Online Encyclopedia

ANDREW JOHNSON

Online Encyclopedia
Originally appearing in Volume V27, Page 736 of the 1911 Encyclopedia Britannica.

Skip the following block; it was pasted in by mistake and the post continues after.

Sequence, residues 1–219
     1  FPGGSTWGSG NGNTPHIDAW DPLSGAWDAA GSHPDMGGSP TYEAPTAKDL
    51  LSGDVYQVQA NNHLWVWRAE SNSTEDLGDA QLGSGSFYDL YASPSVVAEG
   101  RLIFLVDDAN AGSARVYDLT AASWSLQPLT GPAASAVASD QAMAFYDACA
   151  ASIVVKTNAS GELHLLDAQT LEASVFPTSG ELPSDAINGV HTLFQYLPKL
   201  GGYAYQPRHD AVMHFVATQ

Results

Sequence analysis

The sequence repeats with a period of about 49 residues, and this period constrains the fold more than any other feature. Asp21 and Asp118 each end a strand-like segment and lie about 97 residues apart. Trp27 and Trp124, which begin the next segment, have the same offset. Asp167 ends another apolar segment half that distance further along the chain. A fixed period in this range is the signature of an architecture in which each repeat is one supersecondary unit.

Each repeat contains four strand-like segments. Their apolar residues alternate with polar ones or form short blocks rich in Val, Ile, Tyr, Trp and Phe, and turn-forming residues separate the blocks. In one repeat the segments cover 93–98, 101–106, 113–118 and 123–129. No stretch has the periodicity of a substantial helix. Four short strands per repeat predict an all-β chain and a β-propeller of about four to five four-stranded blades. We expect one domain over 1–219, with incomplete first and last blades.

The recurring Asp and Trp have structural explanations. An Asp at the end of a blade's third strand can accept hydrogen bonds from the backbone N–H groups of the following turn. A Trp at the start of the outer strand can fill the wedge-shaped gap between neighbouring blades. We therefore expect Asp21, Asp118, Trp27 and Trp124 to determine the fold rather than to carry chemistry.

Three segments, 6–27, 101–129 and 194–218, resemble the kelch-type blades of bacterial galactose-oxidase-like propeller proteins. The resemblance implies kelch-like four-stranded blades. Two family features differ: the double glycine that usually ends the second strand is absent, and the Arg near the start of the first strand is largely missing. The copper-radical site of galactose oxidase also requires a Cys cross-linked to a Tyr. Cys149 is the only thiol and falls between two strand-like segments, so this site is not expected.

Spread the word: del.icio.us del.icio.us it!